A Guide to Brand Development

Want to unlock the mystery of brand development for your professional services firm? Then download your free copy of Brand Building for Professional Service Firms.

This brand new executive guide explores how your firm can go about developing a powerful professional services brand. It starts with an understanding of what a professional services brand is.

Your Brand Defined

Your brand is not your logo or your tagline. It’s not your firm’s name or your mission statement. And it’s certainly not your website or marketing materials.

Instead, think of your brand as your reputation in the marketplace and the level of your firm’s visibility. Firms that have a strong reputation and high levels of visibility within their target client group have strong brands. But how do you develop your brand?

Brand Development Defined

Brand development is a process that starts by establishing a solid strategy. How is your firm going to be positioned in the marketplace? What makes your firm different? What are the advantages of using your firm? This is your brand strategy.

The second element of brand development is creating your brand identity and all the communications materials that help you communicate your brand. This can range from a name and tagline to a logo, website, marketing materials and even your business cards. These are the tools that help you tell the story of your brand.

These first two elements of brand development might be thought of as branding or re-branding a firm. But, as important as they are, they are only the start.

The third element of brand development is increasing the visibility and shaping the reputation of your firm. We like to think of it as brand building. If your strategy is solid and your tools are good, brand building will be much easier.

The Brand Building Guide

The guide is organized into three sections. The first section is Understanding Your Brand. It helps you understand your brand and grasp what makes a brand successful.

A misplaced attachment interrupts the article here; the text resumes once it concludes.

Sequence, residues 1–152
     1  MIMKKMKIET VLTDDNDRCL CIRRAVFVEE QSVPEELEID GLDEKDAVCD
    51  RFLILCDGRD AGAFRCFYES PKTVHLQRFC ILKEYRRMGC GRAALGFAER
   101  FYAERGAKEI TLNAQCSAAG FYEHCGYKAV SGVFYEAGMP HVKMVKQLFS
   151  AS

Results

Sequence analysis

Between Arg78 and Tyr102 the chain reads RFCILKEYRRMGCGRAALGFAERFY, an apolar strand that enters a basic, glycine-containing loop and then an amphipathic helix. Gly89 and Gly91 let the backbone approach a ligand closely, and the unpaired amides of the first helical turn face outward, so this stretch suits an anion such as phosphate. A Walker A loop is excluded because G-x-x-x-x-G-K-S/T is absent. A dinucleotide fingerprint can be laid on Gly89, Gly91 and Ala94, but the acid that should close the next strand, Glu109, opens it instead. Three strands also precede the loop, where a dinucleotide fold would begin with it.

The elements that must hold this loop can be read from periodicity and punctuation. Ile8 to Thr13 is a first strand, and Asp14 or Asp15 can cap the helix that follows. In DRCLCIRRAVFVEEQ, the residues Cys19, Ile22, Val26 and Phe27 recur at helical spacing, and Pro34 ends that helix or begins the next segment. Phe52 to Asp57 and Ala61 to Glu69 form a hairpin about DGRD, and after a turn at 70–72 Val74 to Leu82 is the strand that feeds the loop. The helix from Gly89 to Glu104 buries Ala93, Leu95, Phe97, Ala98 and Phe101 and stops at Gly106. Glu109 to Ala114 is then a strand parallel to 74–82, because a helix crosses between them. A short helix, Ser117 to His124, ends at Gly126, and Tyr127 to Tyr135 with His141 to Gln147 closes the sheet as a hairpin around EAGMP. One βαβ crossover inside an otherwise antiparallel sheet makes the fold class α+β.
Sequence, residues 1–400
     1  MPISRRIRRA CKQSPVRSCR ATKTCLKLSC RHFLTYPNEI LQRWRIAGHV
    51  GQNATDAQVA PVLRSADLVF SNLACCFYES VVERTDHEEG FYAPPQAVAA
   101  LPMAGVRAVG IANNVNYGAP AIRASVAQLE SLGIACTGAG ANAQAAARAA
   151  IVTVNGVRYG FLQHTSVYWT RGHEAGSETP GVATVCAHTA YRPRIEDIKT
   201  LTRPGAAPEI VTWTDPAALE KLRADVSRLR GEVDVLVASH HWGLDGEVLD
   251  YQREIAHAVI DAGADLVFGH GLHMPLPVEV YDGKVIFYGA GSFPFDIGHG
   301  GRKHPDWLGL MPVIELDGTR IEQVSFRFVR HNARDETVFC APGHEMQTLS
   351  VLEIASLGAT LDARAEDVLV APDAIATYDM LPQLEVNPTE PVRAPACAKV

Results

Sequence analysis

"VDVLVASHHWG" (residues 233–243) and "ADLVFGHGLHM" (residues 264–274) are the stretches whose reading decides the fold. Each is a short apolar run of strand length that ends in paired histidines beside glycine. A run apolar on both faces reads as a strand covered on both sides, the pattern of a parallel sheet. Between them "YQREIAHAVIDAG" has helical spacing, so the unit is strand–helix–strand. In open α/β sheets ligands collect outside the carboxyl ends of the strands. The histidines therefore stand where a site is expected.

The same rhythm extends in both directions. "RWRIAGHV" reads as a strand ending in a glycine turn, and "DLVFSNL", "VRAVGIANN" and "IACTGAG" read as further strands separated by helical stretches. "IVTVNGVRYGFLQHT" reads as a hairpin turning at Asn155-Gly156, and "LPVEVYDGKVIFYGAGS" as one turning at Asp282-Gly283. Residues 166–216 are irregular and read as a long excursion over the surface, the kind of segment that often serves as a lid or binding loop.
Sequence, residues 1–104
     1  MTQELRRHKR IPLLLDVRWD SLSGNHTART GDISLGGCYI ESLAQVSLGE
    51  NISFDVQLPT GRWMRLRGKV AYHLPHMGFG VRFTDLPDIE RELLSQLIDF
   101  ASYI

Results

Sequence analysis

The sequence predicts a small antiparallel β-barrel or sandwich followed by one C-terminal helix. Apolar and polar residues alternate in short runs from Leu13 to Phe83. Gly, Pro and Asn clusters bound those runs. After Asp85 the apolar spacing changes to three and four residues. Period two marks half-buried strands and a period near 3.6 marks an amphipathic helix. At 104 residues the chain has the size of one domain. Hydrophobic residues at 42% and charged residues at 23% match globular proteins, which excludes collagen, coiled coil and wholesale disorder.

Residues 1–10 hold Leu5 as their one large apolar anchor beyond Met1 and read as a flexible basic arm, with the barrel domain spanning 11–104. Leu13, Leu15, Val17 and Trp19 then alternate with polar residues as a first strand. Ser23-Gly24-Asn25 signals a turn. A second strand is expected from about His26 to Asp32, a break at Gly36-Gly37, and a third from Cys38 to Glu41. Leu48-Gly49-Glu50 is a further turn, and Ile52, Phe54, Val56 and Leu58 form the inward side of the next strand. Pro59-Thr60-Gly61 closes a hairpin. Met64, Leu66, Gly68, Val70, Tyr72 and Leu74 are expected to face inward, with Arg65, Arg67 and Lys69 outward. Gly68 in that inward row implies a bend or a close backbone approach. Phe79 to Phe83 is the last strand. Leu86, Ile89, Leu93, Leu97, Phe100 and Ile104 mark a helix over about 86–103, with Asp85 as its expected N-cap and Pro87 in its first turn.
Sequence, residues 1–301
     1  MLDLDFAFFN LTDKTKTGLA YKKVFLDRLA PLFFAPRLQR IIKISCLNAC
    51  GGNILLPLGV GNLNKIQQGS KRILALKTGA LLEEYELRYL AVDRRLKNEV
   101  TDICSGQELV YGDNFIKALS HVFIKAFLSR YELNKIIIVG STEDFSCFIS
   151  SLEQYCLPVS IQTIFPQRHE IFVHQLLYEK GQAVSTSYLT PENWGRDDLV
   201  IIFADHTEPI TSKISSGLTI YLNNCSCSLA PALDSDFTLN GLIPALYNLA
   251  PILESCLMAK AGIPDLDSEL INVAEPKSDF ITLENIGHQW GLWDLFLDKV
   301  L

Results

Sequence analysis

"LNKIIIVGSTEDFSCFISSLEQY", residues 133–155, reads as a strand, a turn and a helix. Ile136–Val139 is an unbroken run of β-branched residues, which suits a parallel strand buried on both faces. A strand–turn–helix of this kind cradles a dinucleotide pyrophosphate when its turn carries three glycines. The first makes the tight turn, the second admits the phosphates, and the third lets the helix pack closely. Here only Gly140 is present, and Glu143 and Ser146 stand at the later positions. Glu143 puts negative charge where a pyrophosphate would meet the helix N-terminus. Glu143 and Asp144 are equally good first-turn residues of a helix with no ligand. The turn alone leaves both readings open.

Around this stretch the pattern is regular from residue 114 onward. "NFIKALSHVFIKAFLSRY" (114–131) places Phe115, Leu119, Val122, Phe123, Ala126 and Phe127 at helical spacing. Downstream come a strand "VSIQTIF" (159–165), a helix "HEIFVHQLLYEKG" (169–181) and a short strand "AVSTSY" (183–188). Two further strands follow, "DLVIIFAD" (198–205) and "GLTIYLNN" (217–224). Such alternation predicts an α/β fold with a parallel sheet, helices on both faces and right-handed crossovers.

The second section is Developing Your Brand Strategy. It covers the psychology behind brand development and how the digital revolution is reshaping the whole process of professional services brand building. There is also a chapter that lays out the top brand building strategies.

The final section focuses on Implementing Your Brand Building Strategy. It talks about the strategic marketing process and identifies some of the top branding tools that can help a strategy come alive. It also describes some of the most common blunders that can derail the brand development process.

Goodbye to the Good Old Days

There was a time not so many years ago when professional services executives didn’t have to expend much energy focusing on their brands. As a matter of fact, many of today’s senior partners don’t really think of their firms as having brands — nor do they recongnize the need to consciously build them.

Sure, some old-school executives do try to build their firm's reputations through advertising, sponsorships and volunteer work. And while these are all reasonable tactics, they are no longer enough. The rise of the Internet and low-cost online communications has turned the brand development process on its head.

What used to be a local game played exclusively by local players has become a regional, national and even international marketplace. Today, a professional services firm's reputation and visibility (its brand) is essential to success in an increasingly crowded and competitive marketplace.

Develop or decline? It is a choice every firm will face — even yours. Download the free Brand Building Guide for a helping hand along the way.


Free Brand Building Guide

Lee Frederiksen, Ph.D. Who wears the boots in our office? That would be Lee, our managing partner, who suits up in a pair of cowboy boots every day and drives strategy and research for our clients. With a Ph.D. in behavioral psychology, Lee is a former researcher and tenured professor at Virginia Tech, where he became a national authority on organizational behavior management and marketing. He left academia to start up and run three high-growth companies, including an $80 million runaway success story.

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